As before, the new CLA is a low-slung, four-door coupe based on the Mercedes A-Class hatchback. It now looks smarter and is better to drive, but can it stay ahead of fraternal rival the A-Class Saloon? Here we test the CLA 200 petrol version.
In the metal
Nope, someone didn't put the new Mercedes CLS on a boil wash, but don't feel ashamed if you thought that for just a minute. The new CLA is much more obviously (this time around) a smaller version of the CLS, and is only the third car in Merc's range (after the CLS and the four-door AMG GT) to get Mercedes' 'shark nose' styling treatment. While there are clear similarities between the styling of this CLA and the old model, the new car is far better resolved than the old one. Basically, it has a more integrated design that manages to avoid the hatch-with-a-boot-stuck-on look of the old model. It is, in fact, really rather pretty.
In the cabin, there is no difference between this and the A-Class hatchback. Normally, that would be a demerit, but in this case it's actually a positive thing as the A-Class's cabin is one of the best car interiors around. Maybe even the best, with that cool-looking 'MBUX' widescreen digital dashboard, and palpably good build quality all-round. The CLA's relatively lengthy wheelbase means that there is decent cabin space too, and even six-footers can get comfy in the back seats, thanks to a deep scallop taken out of the headlining to liberate a few extra millimetres of headroom. Heck, even the boot is a decent size, at 460 litres.
The elephant in the room, though, is Mercedes other A-Class-based front-drive four-door saloon, the A-Class Sedan. How exactly is Mercedes going to convince buyers that the CLA will be worth the extra cash? Well, mostly through the styling, Thanks to being wider, longer and lower than the A-Class Sedan, the CLA is more distinctive from its brother than you might assume. It's possibly a difference you'd need to have both cars side by side to really see, but Mercedes reckons that the two customer bases are different, and that there will be a minimum of cannibalisation of sales between the two cars. We'll see, but in fairness the CLA has effectively moved up a size class from the old model, and now straddles the gap between the A-Class and the C-Class with a little more confidence.
The CLA seems to be a little engine-sensitive when it comes to its dynamic performance, but the good news is that this petrol-engined CLA 200 version is possibly the best of the lot. It uses the relatively new 1.33-litre four-cylinder turbo engine (shared with Renault and Nissan) which, in this form, develops a healthy 163hp and 250Nm. Performance is in the ballpark for a mild hot hatch, with 100km/h coming up in 8.9 seconds.
More impressive, though, is the way you can maintain that speed across country. This version of the CLA is front-wheel drive (more powerful models can be had with optional 4Matic four-wheel drive), but it feels exceptionally agile, as well as firmly planted on the road. Actually, this may be another point of differentiation between the CLA and the upcoming A-Class Sedan - not only is the CLA's suspension track around 50mm wider front and rear, it uses different suspension components because of that dimensional gap. However big that difference is in reality, the CLA has really sweet steering - not over-burdened with feel, perhaps, but with really lovely weight and great accuracy. In mixed weather conditions, on twisting and turning roads just outside Munich, it put in a spirited, engaging, enjoyable performance. Mind you, those same roads - ultra-smooth and beautifully surfaced - means we can't yet give a decent rating for ride comfort.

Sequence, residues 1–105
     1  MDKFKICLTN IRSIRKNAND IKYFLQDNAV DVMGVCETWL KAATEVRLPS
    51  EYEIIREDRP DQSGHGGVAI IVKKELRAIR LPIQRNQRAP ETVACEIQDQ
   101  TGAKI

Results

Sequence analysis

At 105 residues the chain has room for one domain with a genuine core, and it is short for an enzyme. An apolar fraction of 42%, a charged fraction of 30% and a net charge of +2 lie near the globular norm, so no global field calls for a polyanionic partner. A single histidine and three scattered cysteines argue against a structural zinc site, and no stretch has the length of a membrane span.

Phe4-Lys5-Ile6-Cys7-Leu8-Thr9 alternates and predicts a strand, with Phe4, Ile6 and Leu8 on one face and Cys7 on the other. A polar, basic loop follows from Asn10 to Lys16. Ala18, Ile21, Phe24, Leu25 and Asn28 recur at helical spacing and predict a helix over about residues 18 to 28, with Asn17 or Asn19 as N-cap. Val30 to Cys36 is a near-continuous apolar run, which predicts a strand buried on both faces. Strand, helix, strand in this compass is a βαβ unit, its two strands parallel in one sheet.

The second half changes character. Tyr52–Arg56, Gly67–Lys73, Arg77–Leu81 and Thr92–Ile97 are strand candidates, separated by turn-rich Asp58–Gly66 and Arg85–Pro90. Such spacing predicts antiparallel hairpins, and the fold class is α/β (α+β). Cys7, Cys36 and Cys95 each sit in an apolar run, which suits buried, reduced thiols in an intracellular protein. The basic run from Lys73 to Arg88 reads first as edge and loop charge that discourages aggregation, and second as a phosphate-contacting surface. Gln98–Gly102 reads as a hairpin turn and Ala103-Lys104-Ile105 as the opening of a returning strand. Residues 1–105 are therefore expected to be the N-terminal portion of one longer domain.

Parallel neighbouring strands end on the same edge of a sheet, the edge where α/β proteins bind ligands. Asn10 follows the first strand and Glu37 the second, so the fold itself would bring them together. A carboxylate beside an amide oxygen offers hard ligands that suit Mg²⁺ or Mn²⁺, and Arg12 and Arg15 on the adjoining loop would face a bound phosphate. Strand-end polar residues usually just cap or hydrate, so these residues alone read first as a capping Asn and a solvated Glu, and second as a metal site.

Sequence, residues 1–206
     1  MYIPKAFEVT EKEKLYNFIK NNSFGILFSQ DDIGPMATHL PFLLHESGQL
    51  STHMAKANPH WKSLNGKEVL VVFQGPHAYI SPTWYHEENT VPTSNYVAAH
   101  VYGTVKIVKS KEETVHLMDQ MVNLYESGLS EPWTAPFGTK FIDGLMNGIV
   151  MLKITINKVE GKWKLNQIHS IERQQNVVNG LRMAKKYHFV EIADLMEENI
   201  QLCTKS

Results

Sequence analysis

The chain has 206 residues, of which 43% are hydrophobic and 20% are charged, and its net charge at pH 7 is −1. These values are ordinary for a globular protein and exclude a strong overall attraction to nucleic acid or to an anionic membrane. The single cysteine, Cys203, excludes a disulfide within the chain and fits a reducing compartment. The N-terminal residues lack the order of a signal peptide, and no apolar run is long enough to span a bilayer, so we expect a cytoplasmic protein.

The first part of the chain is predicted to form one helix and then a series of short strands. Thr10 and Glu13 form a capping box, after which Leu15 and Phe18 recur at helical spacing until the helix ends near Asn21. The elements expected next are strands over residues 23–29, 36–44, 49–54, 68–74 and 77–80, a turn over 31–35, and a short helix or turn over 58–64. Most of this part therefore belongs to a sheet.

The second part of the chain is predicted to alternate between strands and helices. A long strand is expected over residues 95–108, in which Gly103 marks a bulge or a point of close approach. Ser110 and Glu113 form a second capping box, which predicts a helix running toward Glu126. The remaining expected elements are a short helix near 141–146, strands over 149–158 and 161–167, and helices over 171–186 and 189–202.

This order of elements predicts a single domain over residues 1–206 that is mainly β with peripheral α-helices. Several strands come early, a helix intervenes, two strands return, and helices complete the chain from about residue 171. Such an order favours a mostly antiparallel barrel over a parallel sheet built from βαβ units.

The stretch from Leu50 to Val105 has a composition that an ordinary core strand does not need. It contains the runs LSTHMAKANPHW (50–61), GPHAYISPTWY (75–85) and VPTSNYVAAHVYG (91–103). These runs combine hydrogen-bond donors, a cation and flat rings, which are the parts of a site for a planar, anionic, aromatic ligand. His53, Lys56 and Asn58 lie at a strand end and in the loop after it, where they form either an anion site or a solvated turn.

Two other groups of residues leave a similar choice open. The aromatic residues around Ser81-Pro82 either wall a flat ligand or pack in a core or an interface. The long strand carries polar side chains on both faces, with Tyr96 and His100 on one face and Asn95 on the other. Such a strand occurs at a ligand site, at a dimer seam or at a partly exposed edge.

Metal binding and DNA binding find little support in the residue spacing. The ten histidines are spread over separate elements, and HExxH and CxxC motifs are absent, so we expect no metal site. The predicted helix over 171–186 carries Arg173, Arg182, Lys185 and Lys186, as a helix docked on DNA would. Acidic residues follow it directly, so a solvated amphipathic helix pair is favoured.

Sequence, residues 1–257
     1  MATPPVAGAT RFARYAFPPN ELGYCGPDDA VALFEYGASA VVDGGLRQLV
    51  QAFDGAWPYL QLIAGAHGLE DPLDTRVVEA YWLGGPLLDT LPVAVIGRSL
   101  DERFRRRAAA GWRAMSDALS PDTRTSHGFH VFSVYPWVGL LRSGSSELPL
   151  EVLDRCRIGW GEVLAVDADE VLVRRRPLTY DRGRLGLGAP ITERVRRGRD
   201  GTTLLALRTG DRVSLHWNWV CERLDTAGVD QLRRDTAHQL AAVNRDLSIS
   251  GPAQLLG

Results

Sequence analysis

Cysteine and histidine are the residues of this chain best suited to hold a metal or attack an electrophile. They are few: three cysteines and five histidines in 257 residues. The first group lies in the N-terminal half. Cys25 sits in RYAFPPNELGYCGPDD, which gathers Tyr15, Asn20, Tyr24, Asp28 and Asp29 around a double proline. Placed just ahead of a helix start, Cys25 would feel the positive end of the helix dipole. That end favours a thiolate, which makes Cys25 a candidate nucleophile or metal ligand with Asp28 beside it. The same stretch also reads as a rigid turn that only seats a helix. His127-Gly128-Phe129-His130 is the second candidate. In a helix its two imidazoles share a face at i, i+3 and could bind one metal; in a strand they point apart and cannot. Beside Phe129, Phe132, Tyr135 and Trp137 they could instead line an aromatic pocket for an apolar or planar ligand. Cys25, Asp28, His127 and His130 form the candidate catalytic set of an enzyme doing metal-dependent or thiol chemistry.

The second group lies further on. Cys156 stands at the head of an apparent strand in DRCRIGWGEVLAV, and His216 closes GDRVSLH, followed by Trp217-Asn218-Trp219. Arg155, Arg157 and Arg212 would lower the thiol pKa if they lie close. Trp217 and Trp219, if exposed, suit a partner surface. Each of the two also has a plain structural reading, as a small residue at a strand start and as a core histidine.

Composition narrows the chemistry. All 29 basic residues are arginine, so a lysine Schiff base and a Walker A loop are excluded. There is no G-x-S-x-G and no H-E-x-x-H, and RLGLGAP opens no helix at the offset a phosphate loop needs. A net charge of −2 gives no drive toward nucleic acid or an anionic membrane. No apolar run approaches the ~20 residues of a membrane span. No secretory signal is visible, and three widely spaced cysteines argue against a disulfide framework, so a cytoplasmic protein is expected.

As for the rest, it's basically like the A-Class. The MBUX digital dashboard remains hugely impressive, and tech such as the 'hey, Mercedes' digital voice assistant and the augmented reality satnav feel like a genuine step forward. The CLA should be hugely safe as well, borrowing some automated safety systems from the S-Class, but we found that the lane-guidance steering is a bit trigger-happy, and also cuts the throttle momentarily, which can make for jerky progress on a twisting road, until you get sick of it and switch it off. Which rather negates the point.
What you get for your money
Prices for the new CLA aren't set for Ireland as yet, but it's not going to be cheap. The starting point will be around €34,000, which is significantly more expensive than the outgoing model, a move that leaves space for the A-Class Sedan to be a more affordable option. A diesel-engined version, with an optional automatic gearbox, will probably pretty easily top €40,000 once you add on some toys, which sure isn't cheap and which pushes the CLA into C-Class territory. You'll also have to shell out for the best MBUX dashboard, as the basic model gets two seven-inch screens, instead of the more dramatic twin 10.25-inch displays. On the upside, much of the impressive safety equipment will be standard.
I think it's fair to say that the Mercedes CLA is a big improvement on its predecessor. Roomier, better looking, with a far nicer interior and with (in this CLA 200 form) genuinely engaging and enjoyable handling. It's high tech, but still capable of giving you some old-school driving fun. Will that be enough to tempt you out of the upcoming A-Class Sedan? That, I guess, remains to be seen...